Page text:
The fire that raged through the bell tower of Moscow's Novodevichy Convent in March could have been caused by a stray Chinese lantern, the Izvestia newspaper reported Thursday, citing Russia's Emergency Situations Ministry.
The Emergency Situations Ministry came to this conclusion after probing different theories about the origin of the blaze, Izvestia reported.
The Russian government introduced new fire safety regulations last year forbidding the release of sky lanterns in inhabited and forested areas, as well as their use near airports, power lines and billboards. Offenders can face fines of up to 1,500 rubles ($28).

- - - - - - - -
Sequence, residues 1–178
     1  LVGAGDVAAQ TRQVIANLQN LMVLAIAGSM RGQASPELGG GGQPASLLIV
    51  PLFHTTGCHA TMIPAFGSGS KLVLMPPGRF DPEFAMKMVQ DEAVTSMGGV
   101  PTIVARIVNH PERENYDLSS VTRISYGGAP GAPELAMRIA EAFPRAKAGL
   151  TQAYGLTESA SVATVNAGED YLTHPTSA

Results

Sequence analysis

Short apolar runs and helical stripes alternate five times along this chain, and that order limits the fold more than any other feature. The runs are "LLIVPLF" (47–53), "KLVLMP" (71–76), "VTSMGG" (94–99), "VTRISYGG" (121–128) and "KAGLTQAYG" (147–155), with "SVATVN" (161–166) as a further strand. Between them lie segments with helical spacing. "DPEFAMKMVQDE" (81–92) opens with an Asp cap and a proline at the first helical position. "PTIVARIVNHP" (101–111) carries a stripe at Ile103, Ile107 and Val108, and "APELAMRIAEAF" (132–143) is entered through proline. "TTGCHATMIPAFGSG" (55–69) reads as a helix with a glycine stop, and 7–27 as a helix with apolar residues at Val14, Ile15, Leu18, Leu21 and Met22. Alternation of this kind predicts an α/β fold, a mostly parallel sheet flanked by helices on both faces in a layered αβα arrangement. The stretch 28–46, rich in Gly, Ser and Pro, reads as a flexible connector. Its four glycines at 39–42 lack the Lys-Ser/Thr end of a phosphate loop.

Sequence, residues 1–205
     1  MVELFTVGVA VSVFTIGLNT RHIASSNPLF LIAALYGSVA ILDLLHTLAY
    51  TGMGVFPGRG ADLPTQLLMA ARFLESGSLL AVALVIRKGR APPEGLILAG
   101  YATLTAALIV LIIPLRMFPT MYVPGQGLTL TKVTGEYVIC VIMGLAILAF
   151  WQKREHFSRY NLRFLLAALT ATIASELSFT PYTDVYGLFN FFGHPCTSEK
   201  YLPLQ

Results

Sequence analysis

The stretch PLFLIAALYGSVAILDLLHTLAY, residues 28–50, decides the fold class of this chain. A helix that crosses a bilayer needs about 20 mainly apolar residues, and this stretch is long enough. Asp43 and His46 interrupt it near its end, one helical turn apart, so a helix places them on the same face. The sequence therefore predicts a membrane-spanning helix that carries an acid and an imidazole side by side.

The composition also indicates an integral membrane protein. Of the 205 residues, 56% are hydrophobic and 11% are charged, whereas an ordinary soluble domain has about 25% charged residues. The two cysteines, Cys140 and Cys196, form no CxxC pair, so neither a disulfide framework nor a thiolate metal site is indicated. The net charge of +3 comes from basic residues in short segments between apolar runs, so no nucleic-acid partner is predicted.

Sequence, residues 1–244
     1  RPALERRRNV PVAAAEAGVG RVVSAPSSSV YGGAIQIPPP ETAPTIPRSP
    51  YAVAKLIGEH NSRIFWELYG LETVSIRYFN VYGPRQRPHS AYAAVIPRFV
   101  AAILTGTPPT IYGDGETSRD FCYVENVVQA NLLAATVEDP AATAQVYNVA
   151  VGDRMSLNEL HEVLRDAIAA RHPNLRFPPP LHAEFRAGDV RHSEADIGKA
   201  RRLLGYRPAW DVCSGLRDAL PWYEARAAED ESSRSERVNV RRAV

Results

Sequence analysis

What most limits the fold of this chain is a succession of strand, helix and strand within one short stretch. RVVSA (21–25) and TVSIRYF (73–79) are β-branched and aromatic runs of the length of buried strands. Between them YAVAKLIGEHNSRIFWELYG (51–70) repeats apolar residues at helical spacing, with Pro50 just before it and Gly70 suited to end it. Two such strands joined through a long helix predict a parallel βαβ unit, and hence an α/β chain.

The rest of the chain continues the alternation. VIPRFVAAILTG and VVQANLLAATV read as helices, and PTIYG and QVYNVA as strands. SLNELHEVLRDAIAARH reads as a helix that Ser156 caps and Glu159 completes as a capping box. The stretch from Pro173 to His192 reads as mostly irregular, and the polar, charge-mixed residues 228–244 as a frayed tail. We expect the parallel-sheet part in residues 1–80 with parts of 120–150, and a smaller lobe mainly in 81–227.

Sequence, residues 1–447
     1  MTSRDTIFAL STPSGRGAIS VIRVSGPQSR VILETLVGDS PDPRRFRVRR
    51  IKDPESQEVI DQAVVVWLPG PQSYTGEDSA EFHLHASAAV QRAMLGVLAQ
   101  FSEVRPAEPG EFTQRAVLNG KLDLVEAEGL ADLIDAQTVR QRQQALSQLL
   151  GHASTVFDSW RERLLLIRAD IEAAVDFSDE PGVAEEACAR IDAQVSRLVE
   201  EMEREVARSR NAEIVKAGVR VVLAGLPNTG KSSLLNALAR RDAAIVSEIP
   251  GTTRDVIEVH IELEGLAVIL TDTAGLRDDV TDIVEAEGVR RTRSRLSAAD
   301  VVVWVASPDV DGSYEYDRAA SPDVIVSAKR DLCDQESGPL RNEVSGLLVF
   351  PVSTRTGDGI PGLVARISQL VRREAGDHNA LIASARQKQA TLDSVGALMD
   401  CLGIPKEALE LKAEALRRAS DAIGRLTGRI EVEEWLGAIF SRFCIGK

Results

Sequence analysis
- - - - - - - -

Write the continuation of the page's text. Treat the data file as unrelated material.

The Russian media ran rife with speculation about the cause of the fire at the time of the incident. Some outlets reported that the fire could have been caused by a short circuit as a result of restoration work that had required the use of heat guns, power tools that emit hot air and are used for stripping paint.
News agency RIA Novosti cited in March an unnamed source as saying that the blaze could have been sparked by thieves who had climbed the scaffolding to snatch the bell tower's golden ornaments.
The Ensemble of the Novodevichy Convent, one of Moscow's main tourist attractions, was added to UNESCO's World Heritage List in 2004.